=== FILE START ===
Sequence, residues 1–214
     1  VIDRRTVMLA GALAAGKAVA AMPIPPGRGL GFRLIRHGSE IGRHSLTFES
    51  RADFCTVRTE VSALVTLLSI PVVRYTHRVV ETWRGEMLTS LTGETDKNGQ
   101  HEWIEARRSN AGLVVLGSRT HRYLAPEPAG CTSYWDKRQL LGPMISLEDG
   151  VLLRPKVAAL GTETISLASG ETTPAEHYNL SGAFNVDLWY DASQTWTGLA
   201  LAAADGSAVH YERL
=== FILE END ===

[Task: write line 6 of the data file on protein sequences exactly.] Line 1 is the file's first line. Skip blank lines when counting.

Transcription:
   201  LAAADGSAVH YERL